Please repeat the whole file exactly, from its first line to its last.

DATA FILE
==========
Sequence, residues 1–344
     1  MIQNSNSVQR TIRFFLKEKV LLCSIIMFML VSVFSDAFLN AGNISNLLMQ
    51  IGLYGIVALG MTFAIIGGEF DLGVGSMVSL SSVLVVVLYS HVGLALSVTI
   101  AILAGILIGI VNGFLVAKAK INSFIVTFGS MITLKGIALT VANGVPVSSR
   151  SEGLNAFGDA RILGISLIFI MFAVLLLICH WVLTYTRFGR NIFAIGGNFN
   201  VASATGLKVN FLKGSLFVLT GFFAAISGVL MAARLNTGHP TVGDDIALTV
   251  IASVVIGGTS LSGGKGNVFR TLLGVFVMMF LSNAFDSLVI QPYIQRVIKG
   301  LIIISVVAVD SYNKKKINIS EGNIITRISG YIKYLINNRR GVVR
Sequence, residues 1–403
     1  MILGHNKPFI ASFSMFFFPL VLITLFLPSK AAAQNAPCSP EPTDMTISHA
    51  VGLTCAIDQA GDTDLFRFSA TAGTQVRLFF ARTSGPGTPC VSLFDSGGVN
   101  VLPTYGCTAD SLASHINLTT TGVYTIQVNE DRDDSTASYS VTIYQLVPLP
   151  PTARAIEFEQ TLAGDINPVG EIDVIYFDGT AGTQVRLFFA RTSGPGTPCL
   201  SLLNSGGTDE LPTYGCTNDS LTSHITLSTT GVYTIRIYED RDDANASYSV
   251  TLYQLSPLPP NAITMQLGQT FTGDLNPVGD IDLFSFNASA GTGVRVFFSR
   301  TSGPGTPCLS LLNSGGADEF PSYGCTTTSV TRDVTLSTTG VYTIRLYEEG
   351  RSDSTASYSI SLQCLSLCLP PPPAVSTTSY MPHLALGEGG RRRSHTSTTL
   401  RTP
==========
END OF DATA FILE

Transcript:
Sequence, residues 1–344
     1  MIQNSNSVQR TIRFFLKEKV LLCSIIMFML VSVFSDAFLN AGNISNLLMQ
    51  IGLYGIVALG MTFAIIGGEF DLGVGSMVSL SSVLVVVLYS HVGLALSVTI
   101  AILAGILIGI VNGFLVAKAK INSFIVTFGS MITLKGIALT VANGVPVSSR
   151  SEGLNAFGDA RILGISLIFI MFAVLLLICH WVLTYTRFGR NIFAIGGNFN
   201  VASATGLKVN FLKGSLFVLT GFFAAISGVL MAARLNTGHP TVGDDIALTV
   251  IASVVIGGTS LSGGKGNVFR TLLGVFVMMF LSNAFDSLVI QPYIQRVIKG
   301  LIIISVVAVD SYNKKKINIS EGNIITRISG YIKYLINNRR GVVR
Sequence, residues 1–403
     1  MILGHNKPFI ASFSMFFFPL VLITLFLPSK AAAQNAPCSP EPTDMTISHA
    51  VGLTCAIDQA GDTDLFRFSA TAGTQVRLFF ARTSGPGTPC VSLFDSGGVN
   101  VLPTYGCTAD SLASHINLTT TGVYTIQVNE DRDDSTASYS VTIYQLVPLP
   151  PTARAIEFEQ TLAGDINPVG EIDVIYFDGT AGTQVRLFFA RTSGPGTPCL
   201  SLLNSGGTDE LPTYGCTNDS LTSHITLSTT GVYTIRIYED RDDANASYSV
   251  TLYQLSPLPP NAITMQLGQT FTGDLNPVGD IDLFSFNASA GTGVRVFFSR
   301  TSGPGTPCLS LLNSGGADEF PSYGCTTTSV TRDVTLSTTG VYTIRLYEEG
   351  RSDSTASYSI SLQCLSLCLP PPPAVSTTSY MPHLALGEGG RRRSHTSTTL
   401  RTP